CHARLOTTE, NC – A cascade of boos rained down on Kyle Busch after his surprise victory at Bristol Motor Speedway, a moment that reminded him of the icy welcome that the late Dale Earnhardt received after a controversial 1999 victory on the track.
But that wasn’t even close to it. Earnhardt went out of his way to leader Terry Labonte and did not shrug.
Busch did nothing like that. He finished comfortably third on the final lap of Sunday night’s race in Bristol, covered in dirt. It was Chase Briscoe who became the leader Tyler Reddick, and all Busch did was escape the smoke to get the 60th victory of his career in the World Cup.
With the checkered flag in his hand, Busch laughed at the reaction from the crowd: “I mean, man, I feel like Dale Earnhardt Sr. right now. That’s amazing. I didn’t do anything.”
What the crowd didn’t realize was that Busch’s ninth Cup victory of his career in Bristol had just earned him a place in the NASCAR record books. The win tied Busch with Hall of Fame member Richard Petty with at least one win in 18 consecutive seasons.
“For me, it’s been a long time, 18 years,” he said. “The most important thing for me is to have that opportunity and appreciate my opportunities with Joe Gibbs Racing.”
Busch thanked longtime sponsors M & M’s and Interstate Batteries, as well as JGR’s leadership, starting with Hall of Fame team owner Joe Gibbs for “turning my back on me for so long and staying in the seat.”
Busch ranks ninth on the all-time list of victories, but Bristol’s victory was 17 victories away from Earnhardt, the late seven-time champion and first-class member of the NASCAR Hall of Fame alongside Petty. Kevin Harvick, with 58 Cup victories in his career, is the closest to Busch among active drivers; Busch, two-time Cup champion, is the only active driver with multiple titles.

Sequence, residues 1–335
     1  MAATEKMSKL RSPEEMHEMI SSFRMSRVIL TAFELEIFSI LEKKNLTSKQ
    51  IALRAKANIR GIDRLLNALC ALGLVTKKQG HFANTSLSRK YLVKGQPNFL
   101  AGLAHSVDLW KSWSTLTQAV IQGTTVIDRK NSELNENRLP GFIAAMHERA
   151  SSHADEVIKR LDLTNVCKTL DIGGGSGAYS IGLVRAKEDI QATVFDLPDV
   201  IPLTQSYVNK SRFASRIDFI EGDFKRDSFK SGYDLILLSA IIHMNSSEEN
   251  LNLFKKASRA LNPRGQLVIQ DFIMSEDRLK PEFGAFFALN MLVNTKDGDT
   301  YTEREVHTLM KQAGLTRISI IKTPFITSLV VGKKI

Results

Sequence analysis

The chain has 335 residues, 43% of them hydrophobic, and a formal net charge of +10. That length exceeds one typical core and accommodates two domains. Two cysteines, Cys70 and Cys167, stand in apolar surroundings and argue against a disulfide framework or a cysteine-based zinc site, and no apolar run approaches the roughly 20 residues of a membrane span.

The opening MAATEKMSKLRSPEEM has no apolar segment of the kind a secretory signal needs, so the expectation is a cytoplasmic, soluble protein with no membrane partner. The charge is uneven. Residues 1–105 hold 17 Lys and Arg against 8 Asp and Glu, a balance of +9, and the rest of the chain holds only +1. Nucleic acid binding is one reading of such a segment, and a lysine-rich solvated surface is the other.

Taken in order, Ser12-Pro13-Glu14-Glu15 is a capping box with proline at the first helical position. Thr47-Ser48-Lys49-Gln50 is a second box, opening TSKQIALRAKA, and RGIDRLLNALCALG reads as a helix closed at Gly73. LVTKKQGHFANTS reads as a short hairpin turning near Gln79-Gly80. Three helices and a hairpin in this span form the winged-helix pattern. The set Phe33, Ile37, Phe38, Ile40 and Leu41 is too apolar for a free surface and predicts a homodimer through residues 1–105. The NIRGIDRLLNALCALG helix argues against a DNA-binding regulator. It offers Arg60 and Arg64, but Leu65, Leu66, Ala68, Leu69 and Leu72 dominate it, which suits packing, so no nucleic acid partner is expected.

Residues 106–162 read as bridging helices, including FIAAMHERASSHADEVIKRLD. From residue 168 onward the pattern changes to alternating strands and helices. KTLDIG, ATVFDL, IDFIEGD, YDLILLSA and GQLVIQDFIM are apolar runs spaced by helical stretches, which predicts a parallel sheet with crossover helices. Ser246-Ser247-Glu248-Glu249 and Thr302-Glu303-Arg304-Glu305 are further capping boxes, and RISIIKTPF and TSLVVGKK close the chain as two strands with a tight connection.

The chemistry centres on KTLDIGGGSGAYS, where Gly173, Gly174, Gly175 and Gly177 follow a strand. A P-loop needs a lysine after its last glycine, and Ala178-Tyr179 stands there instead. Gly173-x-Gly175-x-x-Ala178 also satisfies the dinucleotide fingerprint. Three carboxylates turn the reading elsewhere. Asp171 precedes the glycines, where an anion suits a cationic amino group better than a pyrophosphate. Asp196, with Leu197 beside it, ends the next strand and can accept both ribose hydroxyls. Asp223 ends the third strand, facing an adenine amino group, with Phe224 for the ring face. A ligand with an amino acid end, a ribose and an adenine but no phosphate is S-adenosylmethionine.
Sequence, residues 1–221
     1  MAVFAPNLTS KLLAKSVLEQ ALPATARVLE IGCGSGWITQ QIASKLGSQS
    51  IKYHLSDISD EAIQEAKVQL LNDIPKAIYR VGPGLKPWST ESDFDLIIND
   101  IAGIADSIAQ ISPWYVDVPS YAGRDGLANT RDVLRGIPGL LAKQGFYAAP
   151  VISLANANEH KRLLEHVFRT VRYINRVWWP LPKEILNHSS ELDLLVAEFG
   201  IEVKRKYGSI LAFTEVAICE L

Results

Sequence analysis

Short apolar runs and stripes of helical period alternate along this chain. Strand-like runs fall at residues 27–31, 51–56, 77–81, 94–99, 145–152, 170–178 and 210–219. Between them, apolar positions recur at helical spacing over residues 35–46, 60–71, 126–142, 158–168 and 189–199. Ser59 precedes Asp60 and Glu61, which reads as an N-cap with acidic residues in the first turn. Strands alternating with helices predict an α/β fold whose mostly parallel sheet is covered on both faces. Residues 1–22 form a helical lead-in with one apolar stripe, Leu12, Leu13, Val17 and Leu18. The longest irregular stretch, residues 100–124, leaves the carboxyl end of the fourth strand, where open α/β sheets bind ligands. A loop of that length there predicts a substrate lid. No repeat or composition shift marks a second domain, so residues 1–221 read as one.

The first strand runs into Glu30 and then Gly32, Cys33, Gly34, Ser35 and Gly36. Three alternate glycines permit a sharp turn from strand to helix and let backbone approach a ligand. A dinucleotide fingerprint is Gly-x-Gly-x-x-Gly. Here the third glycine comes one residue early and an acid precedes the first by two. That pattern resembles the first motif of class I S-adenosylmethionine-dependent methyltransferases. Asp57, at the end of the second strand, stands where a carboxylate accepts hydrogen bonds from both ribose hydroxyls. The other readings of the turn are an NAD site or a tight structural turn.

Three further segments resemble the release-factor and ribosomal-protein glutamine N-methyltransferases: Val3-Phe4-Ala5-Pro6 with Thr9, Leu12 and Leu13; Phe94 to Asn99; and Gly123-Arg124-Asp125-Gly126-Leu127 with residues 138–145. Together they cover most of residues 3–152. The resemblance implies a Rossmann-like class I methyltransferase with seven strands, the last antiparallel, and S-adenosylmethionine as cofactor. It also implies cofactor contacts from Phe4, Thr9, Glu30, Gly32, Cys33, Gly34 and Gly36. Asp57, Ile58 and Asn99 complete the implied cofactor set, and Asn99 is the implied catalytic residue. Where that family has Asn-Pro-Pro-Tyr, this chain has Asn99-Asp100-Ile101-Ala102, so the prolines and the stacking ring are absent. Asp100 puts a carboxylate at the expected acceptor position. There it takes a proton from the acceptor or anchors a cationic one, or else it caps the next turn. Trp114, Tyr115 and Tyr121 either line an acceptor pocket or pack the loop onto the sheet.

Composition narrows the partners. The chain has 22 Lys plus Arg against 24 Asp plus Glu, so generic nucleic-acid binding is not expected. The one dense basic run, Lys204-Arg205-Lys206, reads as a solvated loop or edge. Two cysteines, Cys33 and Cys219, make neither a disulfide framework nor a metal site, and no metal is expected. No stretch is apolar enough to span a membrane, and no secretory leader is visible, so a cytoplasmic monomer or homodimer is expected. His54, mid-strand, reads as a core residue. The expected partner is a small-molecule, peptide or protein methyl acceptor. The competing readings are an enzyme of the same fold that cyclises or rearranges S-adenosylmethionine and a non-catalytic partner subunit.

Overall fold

His journey first began with Jack Roush, who had his older brother Kurt Busch under contract, and Kurt swore that the driver seven years younger than him would be better than him. Roush gave Kyle Busch some Truck Series outings when he was 16, but when he turned 18 and was approved to compete at higher levels, Hendrick Motorsports got hooked.
Busch won with Hendrick but was immature and, like his older brother, quite temperamental. It only lasted three seasons before Rick Hendrick released him to sign Dale Earnhardt Jr.
Gibbs grabbed the 22-year-old before the 2008 season and Busch no doubt made a career out of the Hall of Fame. He has 223 wins in the three national NASCAR series and “retired” from the Xfinity Series races at the end of last season when he crossed the 100-win threshold with 102.
He still runs in the five events in the truck series awarded by NASCAR for his Kyle Busch Motorsports team, although he has not won in his first three outings this season.
Now 36 and awaiting the birth of his second child – Busch and his wife, Samantha, have publicly fought infertility and are expecting their first daughter through a surrogate – Busch is focusing on winning more Cup titles.
He knows he backed the victory in Bristol, the first in a season that has six top-10s in nine races. He doesn’t think the No. 18 Toyota team is where it needs to be to fight for the title yet.
“We have a lot of work to do to win more races and be in contention every week,” Busch said. “I feel like I’m in the middle of my career and I’d like to run ahead and dominate and win races and fight for championships. That’s our ultimate goal.”
Next up is the Talladega Superspeedway, where Busch only has one victory, in 2008. He has no past experience in what should have been a hectic race with NASCAR’s new Next Gen race car.
“There’s shit in the last 20, 30 or 40 laps that you never really know who’s going to win, what’s going to happen and where the accident is going to come from,” Busch said. “You just have to be more discriminating with the help you render toward other people.”
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Kyle Busch is constantly consolidating a career in NASCAR at the Hall of Fame
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